The U.N. refugee agency is calling on governments to grant basic rights of citizenship to millions of stateless people who suffer discrimination, exclusion and persecution.
The United Nations High Commissioner for Refugees is making this plea on the third anniversary of a 10-year global campaign to prevent, reduce and eradicate statelessness.
The largest stateless minority group in the world right now is the Rohingya.
Although the Rohingya have lived in Myanmar for generations, the government does not recognize them as citizens. They are forced to live on the margins of society and are denied the most basic rights enjoyed by Myanmar nationals. Hundreds of thousands of Rohingya have fled to neighboring Bangladesh to escape violence and persecution.
The U.N. refugee agency reports there are more than 3 million stateless people around the world, with about 75 percent of them belonging to minority groups. The agency’s “IBelong” campaign to end statelessness highlights the reality that these individuals do not belong anywhere.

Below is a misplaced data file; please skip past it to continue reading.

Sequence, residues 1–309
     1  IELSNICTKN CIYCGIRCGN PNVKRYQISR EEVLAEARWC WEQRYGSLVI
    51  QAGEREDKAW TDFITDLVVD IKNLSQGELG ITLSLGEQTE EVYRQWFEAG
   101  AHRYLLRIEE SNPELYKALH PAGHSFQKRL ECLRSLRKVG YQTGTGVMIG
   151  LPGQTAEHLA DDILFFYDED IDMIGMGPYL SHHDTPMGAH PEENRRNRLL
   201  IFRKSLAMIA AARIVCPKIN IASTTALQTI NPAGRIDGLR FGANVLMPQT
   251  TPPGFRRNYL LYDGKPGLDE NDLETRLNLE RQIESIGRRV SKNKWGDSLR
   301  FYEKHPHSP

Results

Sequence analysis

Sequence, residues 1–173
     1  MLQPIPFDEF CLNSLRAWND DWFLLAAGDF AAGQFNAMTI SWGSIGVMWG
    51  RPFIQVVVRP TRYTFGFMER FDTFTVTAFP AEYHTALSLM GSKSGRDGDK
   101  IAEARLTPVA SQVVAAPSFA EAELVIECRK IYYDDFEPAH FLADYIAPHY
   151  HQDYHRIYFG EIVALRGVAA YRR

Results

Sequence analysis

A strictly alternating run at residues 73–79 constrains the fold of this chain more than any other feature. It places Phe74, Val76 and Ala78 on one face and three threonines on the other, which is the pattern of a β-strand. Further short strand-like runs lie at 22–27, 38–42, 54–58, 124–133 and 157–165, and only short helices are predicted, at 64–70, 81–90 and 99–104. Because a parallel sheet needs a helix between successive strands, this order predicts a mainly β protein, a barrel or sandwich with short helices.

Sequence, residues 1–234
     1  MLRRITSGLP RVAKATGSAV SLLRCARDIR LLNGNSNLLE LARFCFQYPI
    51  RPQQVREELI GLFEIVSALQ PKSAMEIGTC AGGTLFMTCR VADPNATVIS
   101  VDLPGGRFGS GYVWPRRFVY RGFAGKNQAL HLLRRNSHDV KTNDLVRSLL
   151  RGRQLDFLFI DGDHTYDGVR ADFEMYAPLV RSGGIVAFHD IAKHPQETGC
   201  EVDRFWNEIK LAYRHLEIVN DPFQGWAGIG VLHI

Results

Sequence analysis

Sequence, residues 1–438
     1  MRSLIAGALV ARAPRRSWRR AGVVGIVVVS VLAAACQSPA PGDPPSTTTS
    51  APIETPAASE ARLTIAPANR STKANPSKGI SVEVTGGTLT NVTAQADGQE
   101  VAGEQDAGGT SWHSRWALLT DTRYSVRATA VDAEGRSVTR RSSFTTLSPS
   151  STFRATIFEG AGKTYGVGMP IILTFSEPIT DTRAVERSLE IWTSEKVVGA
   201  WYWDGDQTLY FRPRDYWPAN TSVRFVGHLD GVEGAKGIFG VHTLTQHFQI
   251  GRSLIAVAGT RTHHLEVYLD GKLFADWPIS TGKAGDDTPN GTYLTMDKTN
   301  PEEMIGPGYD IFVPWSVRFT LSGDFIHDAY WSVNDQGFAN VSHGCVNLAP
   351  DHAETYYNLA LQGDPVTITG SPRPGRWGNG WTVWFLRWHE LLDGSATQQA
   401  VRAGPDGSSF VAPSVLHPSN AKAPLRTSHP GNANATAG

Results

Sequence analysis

Carol Batchelor is the UNHCR’s international protection division director. She says stateless people are among the most bereft.
“If you live in this world without a nationality, you are without an identity,” she said. “You are without documentation. You are without the rights and entitlements that come, that we take for granted, even just being able to gather here today, having a job, having education, knowing that your child belongs somewhere.”
Progress has been made in reducing statelessness since the “IBelong” campaign began three years ago. Thousands of stateless people have been granted citizenship in places such as Thailand, central Asia, Russia, Kenya and West Africa; but the job is far from over.
The UNHCR urges all states to ease naturalization for stateless minority groups that fulfill certain residential requirements, grant citizenship to children in the country of their birth, and eliminate laws and practices that discriminate against people on ethnic and racial grounds.